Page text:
oh my gosh, what is up with you???
on one hand, you describe how sweet, sensitive and loving she is to the pts, how helpful she is to others...
otoh, you want to hang her out to dry.
for crying out loud, mind your own darned business...
ESPECIALLY since she's not hurting anyone!
and NO, it does NOT sound like histrionic personality disorder.
Actually, I do think I detect a lil' bit of jealousy here. LOL. I sure would have loved to see her "Single ladies" dance. Under whose judgment was the dance considered "sexually inappropriate".?
Bug Out, BSN
As Professional Nurses we all have the duty to assess and report any and all coworkers suspicious activities.
Is it mean to "judge" and "speculate" when we see a coworker who we "speculate" or "judge" to be chemically impaired?
Chemically, physically, mentally impaired....whatever it may be.
We see something, we watch it, judge if what we see may be a threat and report if it is.
Hell its what we are trained to do, assess, report and intervene...its only natural that we do it outside of our patients. Everyone needs to get off their high horse when they are saying "Don't judge" or "Don't diagnose" because we ALL DO IT, and it is expected from EVERY professional Nurse.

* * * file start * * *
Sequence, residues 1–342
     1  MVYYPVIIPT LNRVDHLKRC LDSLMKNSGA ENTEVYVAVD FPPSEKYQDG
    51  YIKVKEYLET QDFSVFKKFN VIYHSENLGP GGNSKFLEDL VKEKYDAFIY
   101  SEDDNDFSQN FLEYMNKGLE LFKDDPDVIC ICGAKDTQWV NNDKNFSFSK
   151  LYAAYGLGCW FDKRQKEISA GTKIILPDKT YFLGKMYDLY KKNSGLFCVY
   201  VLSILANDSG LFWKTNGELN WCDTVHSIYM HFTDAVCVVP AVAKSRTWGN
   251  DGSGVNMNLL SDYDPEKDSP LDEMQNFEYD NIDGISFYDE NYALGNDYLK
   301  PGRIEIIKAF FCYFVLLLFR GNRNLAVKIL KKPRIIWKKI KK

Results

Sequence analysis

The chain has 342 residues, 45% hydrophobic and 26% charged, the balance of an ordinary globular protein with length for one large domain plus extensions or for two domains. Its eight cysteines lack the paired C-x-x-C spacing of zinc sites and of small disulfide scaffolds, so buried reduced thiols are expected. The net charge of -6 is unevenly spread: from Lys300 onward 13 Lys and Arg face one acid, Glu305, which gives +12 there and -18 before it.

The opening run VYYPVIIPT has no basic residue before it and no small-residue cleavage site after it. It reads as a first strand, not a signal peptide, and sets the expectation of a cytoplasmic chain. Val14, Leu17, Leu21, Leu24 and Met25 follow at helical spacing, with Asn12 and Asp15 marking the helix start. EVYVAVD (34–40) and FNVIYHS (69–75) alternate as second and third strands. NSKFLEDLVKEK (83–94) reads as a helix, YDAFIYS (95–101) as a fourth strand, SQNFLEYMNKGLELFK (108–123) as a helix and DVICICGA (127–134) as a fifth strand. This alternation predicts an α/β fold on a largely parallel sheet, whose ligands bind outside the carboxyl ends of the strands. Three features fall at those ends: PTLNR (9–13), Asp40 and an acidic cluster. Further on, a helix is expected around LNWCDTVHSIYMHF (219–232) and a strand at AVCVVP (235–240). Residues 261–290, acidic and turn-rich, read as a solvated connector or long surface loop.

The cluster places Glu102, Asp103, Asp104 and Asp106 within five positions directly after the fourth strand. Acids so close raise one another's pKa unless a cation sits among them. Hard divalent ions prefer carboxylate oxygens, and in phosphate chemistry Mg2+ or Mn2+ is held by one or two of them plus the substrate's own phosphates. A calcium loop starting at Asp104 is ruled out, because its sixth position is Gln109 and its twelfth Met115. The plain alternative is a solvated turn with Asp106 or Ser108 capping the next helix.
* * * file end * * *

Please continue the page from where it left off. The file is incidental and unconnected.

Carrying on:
If you act weird, expect a little extra attention...common sense.
Now I do not know if this odd person is mentally impaired or just odd but neither do any of you! A Nurse has said that she is observing something strange...never underestimate the instincts of another Nurse. I take every single suspicion or feeling or instinct from any Nurse seriously.
Hell I have had patients that were for the most part perfectly fine, their vitals were fine, they were not in distress nothing physical would have said that the patient was in trouble....except some weird instinct in the back of my ears kept telling me something is wrong. Every time that has happened big bad Ju Ju immediately followed.
When a RN says something is up...I believe them.
There is a point where one has a responsibility to take their valid concerns and documented observations to one who can do something about the situation. Coming to a public bulletin board to talk about it, without action, might not be the appropriate thing to do, after a point. I would certainly hope that no one who reads this thread can identify the persons and facility being discussed. My best wishes to the nurse whose behavior is the topic for discussion here.
oh my gosh, what is up with you???for crying out loud, mind your own darned business...ESPECIALLY since she's not hurting anyone!leslie
We are not legally allowed to "mind our own darned business."
Another Nurses business is our business. We all have the duty to secure and protect the professional image of Nursing along with the safety of our patients. In order to comply with that we have the duty to assess and monitor the behaviors of every other Nurse.
And no, "not hurting anyone" is not an excuse to turn a blind eye to questionable behavior. Thats the victim less crime excuse.
We all knew it going into Nursing, accept it.